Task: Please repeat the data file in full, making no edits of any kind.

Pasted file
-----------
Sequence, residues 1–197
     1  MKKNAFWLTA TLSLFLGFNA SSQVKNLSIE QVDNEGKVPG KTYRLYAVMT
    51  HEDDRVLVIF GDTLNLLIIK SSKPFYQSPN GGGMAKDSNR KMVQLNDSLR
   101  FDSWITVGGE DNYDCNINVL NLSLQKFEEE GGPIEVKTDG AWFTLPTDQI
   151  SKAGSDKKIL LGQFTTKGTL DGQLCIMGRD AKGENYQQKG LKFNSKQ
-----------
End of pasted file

Sequence, residues 1–197
     1  MKKNAFWLTA TLSLFLGFNA SSQVKNLSIE QVDNEGKVPG KTYRLYAVMT
    51  HEDDRVLVIF GDTLNLLIIK SSKPFYQSPN GGGMAKDSNR KMVQLNDSLR
   101  FDSWITVGGE DNYDCNINVL NLSLQKFEEE GGPIEVKTDG AWFTLPTDQI
   151  SKAGSDKKIL LGQFTTKGTL DGQLCIMGRD AKGENYQQKG LKFNSKQ